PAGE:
FIG. 7 details the network layer software architecture. The network layer (shown at 7.1) has a physical layer (shown at 7.5) whose role is to be a direct interface to the communication medium of wireless and external networks (which may be Ethernet or ADLS connections, for example). is there. Directly above the physical layer is the MAC layer (shown at 7.4), which provides an abstraction of the physical layer actually used. This is the level at which the IGMP report filter (shown in 7.7) is implemented. The IP stack (shown at 7.3) is above the MAC layer. This is where there is a filter (indicated by 7.6) for multicast IP packets. Applications (shown in 7.2) use this IP stack for communication.

  An alternative implementation is to transmit to the client multicast packets that have been received but do not correspond to the multicast mode table association. In the opposite case, multicasting transmitted at the MAC level through the local area network may be stopped.

  A wireless local area network may have several access points. This configuration is shown in FIG. FIG. 6 shows a first access point AP1 (shown at 6.2) connected to an external network (here the Internet (shown at 6.1)). The first access point covers a first access zone called BSS1 (“Basic Service Set”) (shown at 6.5). In BSS1, two clients A and B (indicated by 6.7 and 6.8) are connected to access point AP1. The second access point AP2 (shown at 6.3) also has a zone that covers BSS2 (shown at 6.6). Two clients C and D (indicated by 6.9 and 6.10) are connected to this second access point AP2. The two access points are connected to each other by a network 6.4. This network may be a wired network such as Ethernet, or may be a wireless link different from the network constituted by the access point and its client. A method in which the second access point AP2 is a client belonging to the zone BSS1 of the first access point is also conceivable.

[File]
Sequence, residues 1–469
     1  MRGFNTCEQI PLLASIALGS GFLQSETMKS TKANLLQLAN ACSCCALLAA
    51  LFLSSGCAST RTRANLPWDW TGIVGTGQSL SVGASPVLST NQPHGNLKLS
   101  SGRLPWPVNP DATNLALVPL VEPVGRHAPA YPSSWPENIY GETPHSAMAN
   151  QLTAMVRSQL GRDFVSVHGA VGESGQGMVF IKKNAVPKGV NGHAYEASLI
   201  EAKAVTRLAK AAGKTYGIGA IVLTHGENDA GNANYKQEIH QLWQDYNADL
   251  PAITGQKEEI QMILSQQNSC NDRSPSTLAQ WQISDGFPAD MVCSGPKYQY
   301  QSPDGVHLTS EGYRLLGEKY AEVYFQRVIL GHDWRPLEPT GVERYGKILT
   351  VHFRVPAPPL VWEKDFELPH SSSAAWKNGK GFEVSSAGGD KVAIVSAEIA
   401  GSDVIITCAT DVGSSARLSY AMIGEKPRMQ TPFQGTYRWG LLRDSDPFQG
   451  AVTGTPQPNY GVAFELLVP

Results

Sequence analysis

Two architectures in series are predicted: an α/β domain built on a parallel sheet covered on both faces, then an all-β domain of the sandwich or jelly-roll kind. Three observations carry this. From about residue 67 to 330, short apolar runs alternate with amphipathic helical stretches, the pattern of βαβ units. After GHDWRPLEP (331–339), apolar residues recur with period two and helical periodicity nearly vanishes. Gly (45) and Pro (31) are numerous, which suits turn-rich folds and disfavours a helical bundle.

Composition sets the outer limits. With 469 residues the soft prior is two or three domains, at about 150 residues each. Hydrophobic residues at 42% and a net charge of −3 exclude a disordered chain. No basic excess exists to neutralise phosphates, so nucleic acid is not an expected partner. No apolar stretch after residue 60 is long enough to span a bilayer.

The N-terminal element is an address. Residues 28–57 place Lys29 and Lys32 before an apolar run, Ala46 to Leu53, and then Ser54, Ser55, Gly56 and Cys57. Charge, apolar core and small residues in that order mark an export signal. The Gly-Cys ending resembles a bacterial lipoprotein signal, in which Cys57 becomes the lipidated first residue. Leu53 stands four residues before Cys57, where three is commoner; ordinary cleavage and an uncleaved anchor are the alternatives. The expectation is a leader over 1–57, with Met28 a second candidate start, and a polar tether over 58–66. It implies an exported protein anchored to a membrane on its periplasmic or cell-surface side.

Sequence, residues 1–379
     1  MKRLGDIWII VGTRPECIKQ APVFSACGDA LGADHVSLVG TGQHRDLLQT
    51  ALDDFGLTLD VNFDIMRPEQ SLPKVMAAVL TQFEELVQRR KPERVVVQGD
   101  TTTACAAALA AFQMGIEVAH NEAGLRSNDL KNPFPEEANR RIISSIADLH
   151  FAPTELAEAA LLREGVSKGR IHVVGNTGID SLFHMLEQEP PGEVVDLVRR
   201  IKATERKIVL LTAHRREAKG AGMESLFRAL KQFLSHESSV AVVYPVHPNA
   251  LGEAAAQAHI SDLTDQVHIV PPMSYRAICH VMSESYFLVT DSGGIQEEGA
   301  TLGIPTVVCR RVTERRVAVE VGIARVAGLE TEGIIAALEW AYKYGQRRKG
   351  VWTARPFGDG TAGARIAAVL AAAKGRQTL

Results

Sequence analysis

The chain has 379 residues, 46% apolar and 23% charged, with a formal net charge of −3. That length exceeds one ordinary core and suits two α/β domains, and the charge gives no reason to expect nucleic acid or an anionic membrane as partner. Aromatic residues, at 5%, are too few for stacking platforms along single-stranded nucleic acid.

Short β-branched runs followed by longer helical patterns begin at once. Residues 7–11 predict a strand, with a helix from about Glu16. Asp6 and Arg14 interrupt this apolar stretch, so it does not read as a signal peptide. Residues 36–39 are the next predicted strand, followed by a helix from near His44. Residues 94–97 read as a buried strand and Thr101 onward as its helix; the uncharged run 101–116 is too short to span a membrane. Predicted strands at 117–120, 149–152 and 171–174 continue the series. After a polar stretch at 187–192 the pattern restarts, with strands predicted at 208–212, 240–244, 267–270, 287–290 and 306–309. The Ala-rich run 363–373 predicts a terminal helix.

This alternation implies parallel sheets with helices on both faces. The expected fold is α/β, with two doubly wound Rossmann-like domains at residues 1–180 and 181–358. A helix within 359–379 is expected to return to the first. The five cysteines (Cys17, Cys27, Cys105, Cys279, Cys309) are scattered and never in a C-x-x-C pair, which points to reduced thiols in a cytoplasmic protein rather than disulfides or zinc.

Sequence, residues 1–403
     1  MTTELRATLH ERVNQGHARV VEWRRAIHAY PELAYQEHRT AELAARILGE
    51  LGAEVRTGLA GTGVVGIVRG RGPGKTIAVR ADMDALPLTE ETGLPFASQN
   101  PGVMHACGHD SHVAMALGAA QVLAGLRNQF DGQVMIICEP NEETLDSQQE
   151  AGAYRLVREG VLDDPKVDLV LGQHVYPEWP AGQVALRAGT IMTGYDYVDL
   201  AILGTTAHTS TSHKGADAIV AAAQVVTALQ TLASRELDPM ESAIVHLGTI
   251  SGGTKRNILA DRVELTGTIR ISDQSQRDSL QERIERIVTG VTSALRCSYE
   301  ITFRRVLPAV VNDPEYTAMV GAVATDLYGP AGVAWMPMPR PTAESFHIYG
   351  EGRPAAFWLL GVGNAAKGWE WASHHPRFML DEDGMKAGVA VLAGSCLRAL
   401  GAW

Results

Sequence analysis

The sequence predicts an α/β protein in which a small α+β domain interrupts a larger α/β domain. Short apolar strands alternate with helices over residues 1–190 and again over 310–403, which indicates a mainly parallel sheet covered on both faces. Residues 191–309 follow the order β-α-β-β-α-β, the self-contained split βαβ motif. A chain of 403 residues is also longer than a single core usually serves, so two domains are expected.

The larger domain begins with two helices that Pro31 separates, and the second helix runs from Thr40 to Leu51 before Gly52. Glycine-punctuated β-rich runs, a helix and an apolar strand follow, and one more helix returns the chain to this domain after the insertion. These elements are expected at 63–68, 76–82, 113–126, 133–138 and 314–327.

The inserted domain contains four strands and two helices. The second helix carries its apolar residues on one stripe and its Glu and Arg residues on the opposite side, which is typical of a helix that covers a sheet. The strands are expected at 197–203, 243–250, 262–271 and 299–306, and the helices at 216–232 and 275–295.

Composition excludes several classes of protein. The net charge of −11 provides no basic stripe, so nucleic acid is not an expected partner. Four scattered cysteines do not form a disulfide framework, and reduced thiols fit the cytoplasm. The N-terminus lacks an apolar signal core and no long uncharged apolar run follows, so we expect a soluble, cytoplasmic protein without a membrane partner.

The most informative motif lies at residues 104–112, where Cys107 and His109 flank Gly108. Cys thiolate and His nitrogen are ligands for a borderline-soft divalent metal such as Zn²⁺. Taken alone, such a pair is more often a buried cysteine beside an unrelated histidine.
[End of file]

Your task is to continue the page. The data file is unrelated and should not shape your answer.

The method of operation of this invention in this framework of a local area network with several access points depends on the mode of operation of the second access point and the way in which packets are routed in the network. The two cases should be distinguished, and in the first case, the access point AP2 operates as a router at the IP level. In this case, AP2 appears as one of its clients with respect to access point AP1. AP2 client's application for multicast is manifested as AP2's application for AP1 for this transmission. Therefore, the multicast packet received by AP1 addressed to AP2 is transmitted via unicast transmission at the MAC level. These packets are received by AP2 at the IP level as normal multicast packets. Therefore, in order to transmit to the client of AP2 in the unicast mode, it is necessary to implement the present invention also at the access point AP2.

  In the second case, the access point AP2 operates as a MAC level bridge as described in the 802.1d standard. In this case, the network configured behind the AP1 is regarded as a single network at the IP level, and the packet distribution by the AP1 to the end client, although located behind the AP2, is performed at the MAC level. In this case, AP1 converts the multicast IP packet that arrives from the external network into a unicast MAC packet that is directly transmitted to the end client, either directly or via AP2, without returning to the IP level. Therefore, the client receives the packet in unicast mode regardless of whether it is connected to AP1 or AP2. In this case, the present invention operates without the AP2 having to implement the present invention.